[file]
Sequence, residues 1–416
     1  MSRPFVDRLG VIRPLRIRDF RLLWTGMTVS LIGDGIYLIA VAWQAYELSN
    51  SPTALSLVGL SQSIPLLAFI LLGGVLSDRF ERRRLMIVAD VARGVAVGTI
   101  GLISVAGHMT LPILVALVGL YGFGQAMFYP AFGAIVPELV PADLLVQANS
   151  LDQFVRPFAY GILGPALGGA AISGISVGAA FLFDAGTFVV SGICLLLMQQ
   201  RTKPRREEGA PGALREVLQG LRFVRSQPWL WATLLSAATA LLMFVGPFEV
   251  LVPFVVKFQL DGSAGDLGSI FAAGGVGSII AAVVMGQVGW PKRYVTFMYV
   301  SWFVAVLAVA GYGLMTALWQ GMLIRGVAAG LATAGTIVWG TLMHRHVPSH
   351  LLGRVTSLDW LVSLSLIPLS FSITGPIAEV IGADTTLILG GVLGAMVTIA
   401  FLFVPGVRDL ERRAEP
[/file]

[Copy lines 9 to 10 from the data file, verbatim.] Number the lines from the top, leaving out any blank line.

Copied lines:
   351  LLGRVTSLDW LVSLSLIPLS FSITGPIAEV IGADTTLILG GVLGAMVTIA
   401  FLFVPGVRDL ERRAEP